While Ian was correct in stating that you can create vocabularies by yourself without going through the Microformats process, you cannot call it a “standard” – and that’s really what we’re talking about with both Microformats and RDFa – creating standards so that communities can inter-operate.
The problem that the Microformats community has right now is that they treat both syntax and semantics as an atomic part of each Microformat when they should really be separated. Each Microformat can have a different parser model as well as vocabulary, which means that a parser that is specific to each Microformat has to be created. There is no standard parser model for Microformats, there is no test suite to program against. One of the core computer language issues that is usually tackled first, how to express the language in a uniform manner, has not and will not be addressed for Microformats. This is by design, and it is not without consequences.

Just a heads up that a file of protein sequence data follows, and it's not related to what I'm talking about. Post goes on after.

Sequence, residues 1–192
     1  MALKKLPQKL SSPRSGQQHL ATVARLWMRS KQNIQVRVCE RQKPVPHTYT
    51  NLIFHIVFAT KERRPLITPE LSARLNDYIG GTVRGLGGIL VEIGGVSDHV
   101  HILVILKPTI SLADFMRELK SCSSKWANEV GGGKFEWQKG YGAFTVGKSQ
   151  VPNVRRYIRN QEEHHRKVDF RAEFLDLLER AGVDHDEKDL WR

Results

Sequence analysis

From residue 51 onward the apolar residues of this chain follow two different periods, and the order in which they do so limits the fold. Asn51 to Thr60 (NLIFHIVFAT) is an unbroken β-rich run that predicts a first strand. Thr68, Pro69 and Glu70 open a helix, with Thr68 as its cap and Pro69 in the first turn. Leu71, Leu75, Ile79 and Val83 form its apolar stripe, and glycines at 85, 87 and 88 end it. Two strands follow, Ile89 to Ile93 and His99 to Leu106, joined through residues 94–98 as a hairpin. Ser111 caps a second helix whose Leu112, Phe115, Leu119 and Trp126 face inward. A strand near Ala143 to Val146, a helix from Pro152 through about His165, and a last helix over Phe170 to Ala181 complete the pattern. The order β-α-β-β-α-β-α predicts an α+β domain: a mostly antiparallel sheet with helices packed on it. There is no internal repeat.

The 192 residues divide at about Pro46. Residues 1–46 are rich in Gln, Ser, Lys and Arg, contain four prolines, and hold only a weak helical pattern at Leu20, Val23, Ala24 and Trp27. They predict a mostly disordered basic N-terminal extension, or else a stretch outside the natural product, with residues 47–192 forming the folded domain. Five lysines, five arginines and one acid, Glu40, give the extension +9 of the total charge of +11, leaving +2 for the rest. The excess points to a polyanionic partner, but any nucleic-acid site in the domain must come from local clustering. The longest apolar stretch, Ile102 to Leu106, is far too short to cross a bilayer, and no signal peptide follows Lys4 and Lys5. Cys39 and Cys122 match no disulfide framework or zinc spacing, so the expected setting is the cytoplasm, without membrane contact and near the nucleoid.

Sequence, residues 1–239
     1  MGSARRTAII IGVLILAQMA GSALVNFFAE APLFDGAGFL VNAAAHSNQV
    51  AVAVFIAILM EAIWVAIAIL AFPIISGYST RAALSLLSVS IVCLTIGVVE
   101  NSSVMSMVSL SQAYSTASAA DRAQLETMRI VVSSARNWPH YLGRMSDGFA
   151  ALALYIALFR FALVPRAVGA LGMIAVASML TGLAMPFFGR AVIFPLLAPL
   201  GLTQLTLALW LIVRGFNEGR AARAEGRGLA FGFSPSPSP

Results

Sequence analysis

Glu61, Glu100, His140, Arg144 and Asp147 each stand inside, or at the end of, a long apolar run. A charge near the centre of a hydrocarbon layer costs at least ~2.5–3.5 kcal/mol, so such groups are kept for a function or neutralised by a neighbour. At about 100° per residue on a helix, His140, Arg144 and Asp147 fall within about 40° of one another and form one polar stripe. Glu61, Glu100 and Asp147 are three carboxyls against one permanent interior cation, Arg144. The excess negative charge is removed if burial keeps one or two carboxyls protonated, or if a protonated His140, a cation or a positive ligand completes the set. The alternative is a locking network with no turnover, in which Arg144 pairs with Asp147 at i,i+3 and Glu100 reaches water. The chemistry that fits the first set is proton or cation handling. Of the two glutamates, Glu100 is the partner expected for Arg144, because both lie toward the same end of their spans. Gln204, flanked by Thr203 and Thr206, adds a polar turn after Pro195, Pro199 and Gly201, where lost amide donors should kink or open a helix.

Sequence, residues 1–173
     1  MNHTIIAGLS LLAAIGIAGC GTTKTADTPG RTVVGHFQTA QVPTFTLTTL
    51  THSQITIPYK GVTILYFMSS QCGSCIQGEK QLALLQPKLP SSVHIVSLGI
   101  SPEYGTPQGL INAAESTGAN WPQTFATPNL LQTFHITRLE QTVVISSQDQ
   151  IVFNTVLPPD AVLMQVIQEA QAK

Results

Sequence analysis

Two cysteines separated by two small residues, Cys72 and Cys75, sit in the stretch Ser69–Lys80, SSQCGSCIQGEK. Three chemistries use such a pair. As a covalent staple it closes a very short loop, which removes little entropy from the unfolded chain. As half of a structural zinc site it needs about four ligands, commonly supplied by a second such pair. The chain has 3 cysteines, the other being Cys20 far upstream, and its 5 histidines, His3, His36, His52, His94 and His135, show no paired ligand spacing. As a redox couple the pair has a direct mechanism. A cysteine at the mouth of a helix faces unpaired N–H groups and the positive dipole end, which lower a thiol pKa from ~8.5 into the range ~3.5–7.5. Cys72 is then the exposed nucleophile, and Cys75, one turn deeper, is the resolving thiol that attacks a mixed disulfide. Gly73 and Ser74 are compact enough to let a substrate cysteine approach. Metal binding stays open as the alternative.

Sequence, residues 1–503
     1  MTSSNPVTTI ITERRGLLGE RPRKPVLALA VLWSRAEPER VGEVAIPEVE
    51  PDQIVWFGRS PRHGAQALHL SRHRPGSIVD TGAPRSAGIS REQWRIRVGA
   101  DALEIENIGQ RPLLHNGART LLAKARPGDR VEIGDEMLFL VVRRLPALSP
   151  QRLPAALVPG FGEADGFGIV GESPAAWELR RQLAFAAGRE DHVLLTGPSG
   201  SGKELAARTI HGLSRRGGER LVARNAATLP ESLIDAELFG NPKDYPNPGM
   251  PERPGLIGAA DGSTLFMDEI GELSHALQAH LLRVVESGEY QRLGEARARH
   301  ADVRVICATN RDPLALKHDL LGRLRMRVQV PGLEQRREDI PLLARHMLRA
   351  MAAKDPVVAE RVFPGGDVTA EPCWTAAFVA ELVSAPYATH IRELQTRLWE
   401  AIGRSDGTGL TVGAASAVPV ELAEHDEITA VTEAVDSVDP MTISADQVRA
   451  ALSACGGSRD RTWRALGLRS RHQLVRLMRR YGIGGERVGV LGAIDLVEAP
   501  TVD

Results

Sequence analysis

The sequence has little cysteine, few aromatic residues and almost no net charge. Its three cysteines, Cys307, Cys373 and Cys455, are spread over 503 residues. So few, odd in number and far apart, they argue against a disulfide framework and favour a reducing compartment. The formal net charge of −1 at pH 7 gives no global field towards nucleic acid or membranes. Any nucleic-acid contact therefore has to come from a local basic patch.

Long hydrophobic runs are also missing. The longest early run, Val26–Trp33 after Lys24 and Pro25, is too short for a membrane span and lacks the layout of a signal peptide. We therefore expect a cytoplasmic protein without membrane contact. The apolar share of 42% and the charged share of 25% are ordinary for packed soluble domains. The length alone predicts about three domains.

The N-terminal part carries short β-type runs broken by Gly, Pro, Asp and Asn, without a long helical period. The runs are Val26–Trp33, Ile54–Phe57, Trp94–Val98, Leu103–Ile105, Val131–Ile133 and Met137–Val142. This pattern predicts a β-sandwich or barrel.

We spend a ridiculous amount of time in the Microformats community attempting to shoe-horn a semantic expression language into HTML4 and XHTML only to find that organizations reject our efforts due to accessibility issues.
RDFa solves the problem of a semantic expression language for XHTML1.1, XHTML2, HTML4 and HTML5. After all, it is merely a collection of attributes that you can sprinkle throughout your documents to express semantics. The method works in any language that has element properties. The great thing about RDFa is that you can use the same expression mechanism for ANY vocabulary. It solves one of the largest issues the Microformats community has – a uniform expression language for semantic data.